US consumer confidence continues to sour in the face of high gas and food prices and rising recession risks, according to new data released Tuesday from The Conference Board.
The consumer confidence index for June dropped to 98.7 from May’s revised reading of 103.2, which was adjusted downward by more than 3 points.
Driving down the overall level was a steep decline in consumers’ expectations for the next six months. The expectations index fell from 73.7 to a reading of 66.4 – the lowest level in nearly a decade, according to the report.
“Consumers’ grimmer outlook was driven by increasing concerns about inflation, in particular rising gas and food prices,” Lynn Franco, The Conference Board’s senior director of economic indicators, said in a statement. “Expectations have now fallen well below a reading of 80, suggesting weaker growth in the second half of 2022 as well as growing risk of recession by year end.”
Consumers’ assessments of current economic conditions, however, dipped only slightly.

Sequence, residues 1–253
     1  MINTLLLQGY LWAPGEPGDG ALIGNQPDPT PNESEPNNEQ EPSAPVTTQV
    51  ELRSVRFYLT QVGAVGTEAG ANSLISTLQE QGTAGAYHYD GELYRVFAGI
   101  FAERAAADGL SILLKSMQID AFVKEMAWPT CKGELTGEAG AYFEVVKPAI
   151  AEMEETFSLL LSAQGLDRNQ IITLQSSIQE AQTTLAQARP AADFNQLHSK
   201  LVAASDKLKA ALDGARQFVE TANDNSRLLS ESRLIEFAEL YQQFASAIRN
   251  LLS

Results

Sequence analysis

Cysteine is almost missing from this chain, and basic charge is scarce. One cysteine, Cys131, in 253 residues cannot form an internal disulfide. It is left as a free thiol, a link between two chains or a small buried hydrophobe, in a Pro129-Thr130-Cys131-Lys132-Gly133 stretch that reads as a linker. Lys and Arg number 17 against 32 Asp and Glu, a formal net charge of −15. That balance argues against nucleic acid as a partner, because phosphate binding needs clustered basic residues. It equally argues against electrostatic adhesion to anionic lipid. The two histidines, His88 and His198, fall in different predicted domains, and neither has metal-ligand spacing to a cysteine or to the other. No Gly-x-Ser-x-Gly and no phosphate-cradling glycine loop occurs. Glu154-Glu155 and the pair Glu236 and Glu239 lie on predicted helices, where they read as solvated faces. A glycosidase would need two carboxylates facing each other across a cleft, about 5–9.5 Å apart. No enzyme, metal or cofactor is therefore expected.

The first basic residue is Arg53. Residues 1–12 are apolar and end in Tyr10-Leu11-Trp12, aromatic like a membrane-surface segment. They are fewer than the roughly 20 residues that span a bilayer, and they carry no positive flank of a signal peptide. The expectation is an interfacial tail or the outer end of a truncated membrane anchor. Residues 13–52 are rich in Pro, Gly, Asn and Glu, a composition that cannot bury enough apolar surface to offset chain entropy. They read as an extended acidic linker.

“The more cyclical present situations index had held up much better as the labor market still remains strong and should power consumer spending in the near term despite rising interest rates and higher inflation,” Kathy Bostjancic, chief US economist at Oxford Economics, told CNN Business via email.
Despite confidence levels trending into pessimism territory, and hitting the lowest reading since February 2021, the index is higher than it was during the pandemic and stands significantly above the Great Recession doldrums.
However, the gloomier assessments highlighted in The Conference Board index follow on the heels of an equally glum report from the University of Michigan last week. The final index of consumer sentiment for June was 50, the lowest recorded level since the university started collecting that data in 1952.
This story is developing and will be updated.